"If there was sufficient value to human beings in finding a better way to build a beaver dam, then I see no reason to believe that humans could not improve on the design in some respect. You are simply throwing out this example with no proof whatsoever."
Why do I need to prove anything when we agree?
"Given that humans have built enormous dams to generate hydroelectric power in the face of great difficult and adversity, I see no reason why human beings could not find some aspect of the beaver dam to improve, and still be within the capabilities and intelligence available to beavers.
"Certainly there is as much reason to believe that it could be done, as there is reason to believe that it could not be done. The real point is that the beavers do a good enough job given their capabilities and it would be a waste of time for humans to spend great effort improving on what beavers already do well enough. In the same respect, if there are "masters" then it would be a waste of their time to try to improve those things that humans already do well enough. However "masters" could probably improve on the things that humans do, if that were a good use of their time, although from the human/beaver analogy we see that would probably not be a good use of their time.
"So if there is a principle here, then it is a principle of appropriateness, not what one can, or can not do."
We agree here a hundred percent. If you completely misunderstood the Beaver Principle as I presented it maybe others did too.
First I thought I made it clear that the abilities of the lower can be retrieved by the higher when I said this:
"When we become masters we will take our attention off some of the things we do well now and learn some higher things. When this happens many of our current abilities will go below the threshold of our consciousness. We will appear to lose them, but will not lose them. Abilities that go below the threshold of consciousness are not lost, but can be quickly retrieved if attention is placed upon them."
The higher has all the abilities of the lower, but many of these abilities are hidden below the threshold of consciousness. For instance, many think the natives living in jungles are more evolved than us because they have certain instinctual abilities in harmony with nature that civilized man does not. What the many do not realize is that civilized man lived close to the earth in past lives, but because he does not need all those native abilities in the cities he lets those abilities slip below the threshold of consciousness. This gives him the advantage of having the time to concentrate on learning new abilities the native cannot do.
If the civilized person where thrown back into the survival mode in the jungles he would not immediately have the abilities of the native person but could quickly retrieve them because he had them before.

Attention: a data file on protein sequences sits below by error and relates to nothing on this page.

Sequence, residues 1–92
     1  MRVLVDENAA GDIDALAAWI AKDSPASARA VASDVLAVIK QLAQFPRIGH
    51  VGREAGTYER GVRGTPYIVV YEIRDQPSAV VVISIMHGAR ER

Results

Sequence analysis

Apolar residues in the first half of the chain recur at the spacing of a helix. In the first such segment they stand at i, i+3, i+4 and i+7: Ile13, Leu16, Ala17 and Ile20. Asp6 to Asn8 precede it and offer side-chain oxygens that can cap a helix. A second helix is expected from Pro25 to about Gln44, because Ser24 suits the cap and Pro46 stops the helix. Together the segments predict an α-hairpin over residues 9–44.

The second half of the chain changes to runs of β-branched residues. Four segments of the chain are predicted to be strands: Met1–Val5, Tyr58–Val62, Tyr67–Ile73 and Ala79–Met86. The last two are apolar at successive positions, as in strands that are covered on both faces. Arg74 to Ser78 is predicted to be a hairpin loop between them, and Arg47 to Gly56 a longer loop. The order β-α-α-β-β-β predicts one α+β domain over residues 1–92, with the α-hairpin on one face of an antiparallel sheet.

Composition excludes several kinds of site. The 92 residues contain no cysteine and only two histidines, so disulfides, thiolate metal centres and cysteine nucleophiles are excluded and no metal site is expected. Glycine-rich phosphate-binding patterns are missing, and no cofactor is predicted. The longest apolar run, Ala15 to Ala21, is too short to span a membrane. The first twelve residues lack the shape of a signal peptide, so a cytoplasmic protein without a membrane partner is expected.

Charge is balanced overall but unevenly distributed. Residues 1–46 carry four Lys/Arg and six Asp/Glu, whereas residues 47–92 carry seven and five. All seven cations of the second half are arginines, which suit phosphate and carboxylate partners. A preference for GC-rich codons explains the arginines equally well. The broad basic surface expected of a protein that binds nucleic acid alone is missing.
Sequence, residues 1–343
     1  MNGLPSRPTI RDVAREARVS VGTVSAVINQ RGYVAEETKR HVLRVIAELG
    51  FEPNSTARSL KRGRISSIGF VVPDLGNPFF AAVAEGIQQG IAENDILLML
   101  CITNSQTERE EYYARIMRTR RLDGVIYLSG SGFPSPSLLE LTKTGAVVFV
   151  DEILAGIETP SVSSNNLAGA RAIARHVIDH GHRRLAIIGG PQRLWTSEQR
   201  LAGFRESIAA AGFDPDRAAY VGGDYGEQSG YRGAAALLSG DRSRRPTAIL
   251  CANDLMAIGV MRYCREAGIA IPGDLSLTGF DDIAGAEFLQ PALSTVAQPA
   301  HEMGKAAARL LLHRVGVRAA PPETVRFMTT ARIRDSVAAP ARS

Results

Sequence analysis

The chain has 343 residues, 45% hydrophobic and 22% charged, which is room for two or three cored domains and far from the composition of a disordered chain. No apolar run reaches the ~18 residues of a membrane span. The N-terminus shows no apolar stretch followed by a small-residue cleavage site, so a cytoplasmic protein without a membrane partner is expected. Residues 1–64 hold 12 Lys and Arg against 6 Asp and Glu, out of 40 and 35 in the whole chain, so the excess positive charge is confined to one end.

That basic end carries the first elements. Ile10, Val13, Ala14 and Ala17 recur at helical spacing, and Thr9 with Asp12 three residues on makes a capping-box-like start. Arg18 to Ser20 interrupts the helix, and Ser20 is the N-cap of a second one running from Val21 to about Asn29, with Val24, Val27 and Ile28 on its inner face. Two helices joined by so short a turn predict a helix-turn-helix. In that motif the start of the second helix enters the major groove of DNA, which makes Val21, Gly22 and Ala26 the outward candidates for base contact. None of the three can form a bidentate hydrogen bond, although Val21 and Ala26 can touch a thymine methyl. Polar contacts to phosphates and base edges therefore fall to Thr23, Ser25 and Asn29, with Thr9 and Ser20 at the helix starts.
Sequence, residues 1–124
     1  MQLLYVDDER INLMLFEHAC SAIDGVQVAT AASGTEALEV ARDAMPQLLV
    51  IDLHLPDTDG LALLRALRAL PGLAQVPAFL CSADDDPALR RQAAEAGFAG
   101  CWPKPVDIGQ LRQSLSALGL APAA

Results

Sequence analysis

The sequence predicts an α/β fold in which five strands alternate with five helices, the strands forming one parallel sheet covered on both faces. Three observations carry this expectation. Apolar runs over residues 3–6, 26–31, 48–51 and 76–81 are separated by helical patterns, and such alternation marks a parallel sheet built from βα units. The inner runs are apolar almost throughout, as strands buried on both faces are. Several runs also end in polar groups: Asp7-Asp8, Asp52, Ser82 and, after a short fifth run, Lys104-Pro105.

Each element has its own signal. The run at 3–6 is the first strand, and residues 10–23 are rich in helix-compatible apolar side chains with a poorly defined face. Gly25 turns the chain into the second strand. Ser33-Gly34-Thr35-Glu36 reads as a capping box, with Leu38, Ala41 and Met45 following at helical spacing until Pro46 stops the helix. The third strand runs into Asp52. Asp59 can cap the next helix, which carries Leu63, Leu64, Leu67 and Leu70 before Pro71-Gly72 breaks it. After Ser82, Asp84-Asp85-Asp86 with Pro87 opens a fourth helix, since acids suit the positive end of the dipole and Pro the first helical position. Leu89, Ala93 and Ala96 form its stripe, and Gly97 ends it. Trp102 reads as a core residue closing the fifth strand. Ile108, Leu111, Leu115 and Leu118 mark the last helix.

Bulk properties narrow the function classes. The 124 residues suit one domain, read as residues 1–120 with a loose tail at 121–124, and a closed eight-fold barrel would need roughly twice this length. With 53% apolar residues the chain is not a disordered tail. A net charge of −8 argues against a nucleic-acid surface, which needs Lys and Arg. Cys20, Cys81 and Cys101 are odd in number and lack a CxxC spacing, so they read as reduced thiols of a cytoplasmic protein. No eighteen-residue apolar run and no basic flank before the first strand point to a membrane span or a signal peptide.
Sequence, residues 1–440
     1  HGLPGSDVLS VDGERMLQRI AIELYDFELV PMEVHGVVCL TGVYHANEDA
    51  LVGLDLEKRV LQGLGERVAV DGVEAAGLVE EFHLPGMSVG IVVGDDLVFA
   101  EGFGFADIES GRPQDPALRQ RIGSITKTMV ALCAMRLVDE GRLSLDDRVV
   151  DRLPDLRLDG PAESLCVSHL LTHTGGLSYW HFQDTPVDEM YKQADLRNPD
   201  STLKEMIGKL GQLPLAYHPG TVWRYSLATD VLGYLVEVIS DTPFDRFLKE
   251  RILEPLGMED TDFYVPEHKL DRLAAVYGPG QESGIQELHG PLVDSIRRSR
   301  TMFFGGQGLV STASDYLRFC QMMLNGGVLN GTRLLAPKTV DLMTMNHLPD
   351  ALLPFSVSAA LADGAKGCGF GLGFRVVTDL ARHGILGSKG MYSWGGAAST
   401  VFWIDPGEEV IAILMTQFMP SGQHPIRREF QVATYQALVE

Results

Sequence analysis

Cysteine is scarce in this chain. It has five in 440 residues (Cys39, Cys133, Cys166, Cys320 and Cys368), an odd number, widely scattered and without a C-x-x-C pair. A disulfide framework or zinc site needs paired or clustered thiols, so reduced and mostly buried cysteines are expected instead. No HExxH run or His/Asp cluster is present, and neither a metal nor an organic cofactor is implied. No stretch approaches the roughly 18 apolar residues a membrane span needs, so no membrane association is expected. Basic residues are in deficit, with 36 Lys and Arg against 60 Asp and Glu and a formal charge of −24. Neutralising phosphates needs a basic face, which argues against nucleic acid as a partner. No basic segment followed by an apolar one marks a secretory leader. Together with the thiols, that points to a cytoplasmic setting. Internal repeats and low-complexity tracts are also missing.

It's a little like learning a language. A person may spend a couple years in a foreign country but after being home for ten years it may seem that he has forgotten all he learned. But then when he returns to that country the language quickly comes back.
When I said a human cannot build a beaver damn as good as a beaver I was speaking of the present tense. If someone told you or I to go build one right now we could not do this in the present. However all the knowledge in the animal kingdom is in humans below the threshold of consciousness and can be retrieved.
We can never just jump in and do all the animal kingdom does in the present, but could if we wanted to take some time and shift our attention away from higher learning.
Now let me restate the Beaver Principle.
All living things are limited on where they can place their attention as far as their progress and accomplishment goes. Therefore it is important that each of us place our attention on matters most beneficial to overall progress. In order to do this those with higher abilities must forfeit some work that can be done to the lesser evolved lives. In letting go of the lesser work the skill is not permanently lost, but goes below the threshold of consciousness and can be retrieved fairly quickly when needed. This relinquishing of work allows the higher lives to move forward with their own progression and learn the new.
The Beaver Principle thus spreads the work of creation evenly through the living kingdoms of the universe giving all important work and learning to do.
The president of a construction company who laid brick 30 years ago no longer works as a bricklayer but concentrates on more important work for the company. It's been so long since he lay brick that be couldn't do it in the present nearly as well as his employees. However, if he lost everything and had to start over he could retrieve his skill quite quickly.
Global Warming Enlightenment:
It is interesting to observe the difference between the sacrifice asked by the global warning true believers. The movers and shakers like Madonna (who burns 485 tons of CO2 in four months) gets to go to Gore's concerts, have fun and tell us what we need to do while continuing with their excessive lifestyle.
On the other hand, if Gore gets his way and we reduce CO2 emissions 80 percent without developing nuclear power the average guy will sacrifice by suffering through a great depression that will cause rioting in the streets.
Copyright © 2007 by J J Dewey, All Rights Reserved